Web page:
Now listen up, if you can make a pie, I mean if you can make a really freaking good pie, you will be queen (or king) of the world. Who knows how to do this anymore?

Most people are afraid of piecrust. Well, not the crust, but making it. I assert that this is an irrational fear. It is like my fear of ending up as a bag lady, or some other ridiculous worst-case scenario in the future (I missed my calling; I should have written that book.)

If you have an unconscious fear of making pie dough I can help. Your fear is telling you that you have no interest in making it. But I’m telling you, you do. You do want to make pie! Why? Because pie is beautiful. Pie is iconic. Pie is the American flag, summers at the beach and your grandmother all rolled into one. (Well, maybe not my grandmother, but the idea of grandmothers.)

My mother never conquered pie. I remember the swearing and the sweating.Dammit,  dammit, dammit, who ever said easy as pie? This from the woman who would wash your mouth out with soap for cussing and considered geez! an irreverent expression. Apparently the domestic gene skipped a generation.

But that was then, and this is now. The age of plastic wrap. I think Mom would have mastered pie if she could have gotten her hands on some plastic wrap. It is especially convenient to use in hot weather, because you can lift it up, set it on a baking sheet and throw it in the freezer for a few minutes until it’s ready to behave. I’m not trying to show off, but after making literally thousands of pies in a restaurant, I have mastered rolling without a pie canvas or plastic wrap. In the look and cook tutorial below, I show you how to get the pie off the counter and into the pie shell by rolling about one-third of it around a rolling pin and lifting it into the pan that way.

Wait! You don’t have to go to extremes. Just buy the damn dough for starters. No one but you needs to know. Be sure to buy a good buttery one and put it in your own pie pan. Those aluminum tins are a dead giveaway. That is your first step towards pie glory. And when you cross that threshold, who knows, maybe you’ll want to make your own crust.

And when you have made your pie and are eating it, you will be queen of the world. Or king. I don’t want to leave anybody out. Empowerment through pie!

Blueberry-Raspberry-Blackberry Pie

Makes one 9 or 10-inch pie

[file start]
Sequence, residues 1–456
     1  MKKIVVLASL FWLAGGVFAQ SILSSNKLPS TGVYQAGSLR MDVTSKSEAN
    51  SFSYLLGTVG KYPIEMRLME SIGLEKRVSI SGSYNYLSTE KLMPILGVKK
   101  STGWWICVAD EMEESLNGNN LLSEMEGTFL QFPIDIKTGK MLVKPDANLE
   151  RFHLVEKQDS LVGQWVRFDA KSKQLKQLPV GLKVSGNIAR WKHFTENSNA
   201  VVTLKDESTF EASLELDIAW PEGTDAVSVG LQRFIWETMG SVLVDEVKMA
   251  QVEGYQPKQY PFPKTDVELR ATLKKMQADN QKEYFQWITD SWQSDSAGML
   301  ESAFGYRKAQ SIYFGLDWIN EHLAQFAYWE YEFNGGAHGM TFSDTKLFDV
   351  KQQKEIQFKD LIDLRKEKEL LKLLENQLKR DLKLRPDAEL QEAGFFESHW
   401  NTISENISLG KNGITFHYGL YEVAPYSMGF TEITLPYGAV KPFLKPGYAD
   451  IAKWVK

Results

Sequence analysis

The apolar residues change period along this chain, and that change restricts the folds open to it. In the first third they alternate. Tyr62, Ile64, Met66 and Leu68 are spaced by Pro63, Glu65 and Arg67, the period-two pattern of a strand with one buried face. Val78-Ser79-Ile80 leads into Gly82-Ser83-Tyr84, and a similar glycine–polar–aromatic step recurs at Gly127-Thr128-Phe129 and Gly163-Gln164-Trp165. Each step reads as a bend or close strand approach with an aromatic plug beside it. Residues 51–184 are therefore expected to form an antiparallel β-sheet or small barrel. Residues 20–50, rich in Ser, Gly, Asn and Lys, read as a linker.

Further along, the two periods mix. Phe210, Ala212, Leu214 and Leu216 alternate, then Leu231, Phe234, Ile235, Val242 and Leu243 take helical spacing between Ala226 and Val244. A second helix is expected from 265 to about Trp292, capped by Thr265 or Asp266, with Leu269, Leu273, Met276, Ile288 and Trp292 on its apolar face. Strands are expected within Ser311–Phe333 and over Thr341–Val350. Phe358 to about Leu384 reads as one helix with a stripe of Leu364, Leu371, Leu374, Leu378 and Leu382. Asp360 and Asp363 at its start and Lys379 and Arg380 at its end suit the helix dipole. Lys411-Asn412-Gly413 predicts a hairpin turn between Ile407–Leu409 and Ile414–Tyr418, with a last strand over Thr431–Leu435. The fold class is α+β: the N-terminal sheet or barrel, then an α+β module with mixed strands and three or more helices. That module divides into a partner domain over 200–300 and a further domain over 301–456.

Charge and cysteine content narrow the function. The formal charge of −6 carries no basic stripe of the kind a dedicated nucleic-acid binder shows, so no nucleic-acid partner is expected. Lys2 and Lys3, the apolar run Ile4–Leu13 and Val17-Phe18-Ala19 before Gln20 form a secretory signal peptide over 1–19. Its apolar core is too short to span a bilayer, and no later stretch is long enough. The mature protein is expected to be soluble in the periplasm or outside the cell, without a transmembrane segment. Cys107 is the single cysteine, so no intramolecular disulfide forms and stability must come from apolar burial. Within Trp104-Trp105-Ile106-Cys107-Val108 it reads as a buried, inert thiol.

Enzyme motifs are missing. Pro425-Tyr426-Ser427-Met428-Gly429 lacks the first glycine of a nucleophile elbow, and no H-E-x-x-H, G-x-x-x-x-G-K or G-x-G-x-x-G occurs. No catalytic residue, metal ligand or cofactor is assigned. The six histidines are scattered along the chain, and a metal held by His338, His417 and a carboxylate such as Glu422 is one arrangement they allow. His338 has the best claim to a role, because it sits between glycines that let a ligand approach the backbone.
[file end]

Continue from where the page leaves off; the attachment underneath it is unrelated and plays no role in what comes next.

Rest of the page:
Blueberry pie has its place, but sometimes the berries can be bland. When you add tart raspberries and blackberries, now you have what I consider a killer pie combination. You will need 5 to 6 cups of berries, singly or in combination. You can use frozen (unsweetened) berries if fresh berries are not available. Don’t defrost them, just mix them with the rest of the filling ingredients and bake the pie a little longer. You may have to cover the top loosely with foil to keep the crust from burning while the filling cooks.

This is actually a cheater lattice top, since lazy bones here does not want to weave the strips, especially since the dough becomes soft quickly in hot weather. I think the effect is close enough, but that is up to you.

Pie dough for a double-crusted pie

Grated zest of 1/2 lemon

3/4 cup (6 ounces, 170 g) sugar (granulated or natural cane sugar)

Pinch of salt

2 1/2  tablespoons (26g) granulated, quick-cooking tapioca

3 cups (18 ounces, 510g) blueberries

1 heaping cup (6 ounces, 170 g) raspberries

1 heaping cup (6 ounces, 170 g) blackberries

2 tablespoons (1 ounce, 28 g) unsalted butter

1 egg, beaten with 1tablespoon water

1. Heat the oven to 400 degrees F. Read the look-and-cook section of this pie tutorial: if you need a refresher on rolling out the dough (even if you don’t use the dough recipe).

2. Roll out the bottom crust and fit it into a 9 or 10-inch pie pan (either one will do). Trim the edges so they are even with the outer rim of the pie pan. Refrigerate while you make the filling and roll out the top crust.

3. In a large bowl, rub the lemon zest into the sugar with your fingers. The lemon oil will soak into the sugar to provide you with extra-zesty lemon flavor. Stir in the salt and tapioca. Add the berries and gently fold them into the sugar with a rubber spatula or wooden spoon. (If you are using frozen berries, don’t defrost them; just mix them in now.)

4. Roll out the top crust and with a pizza cutter or sharp knife, cut it in 3/4-inch (2 cm)-wide strips for the top of the pie. You can make skinnier strips and use more of them if you prefer.

5. Take the pie shell out of the fridge and fill it with the berry mixture.  Dot with butter.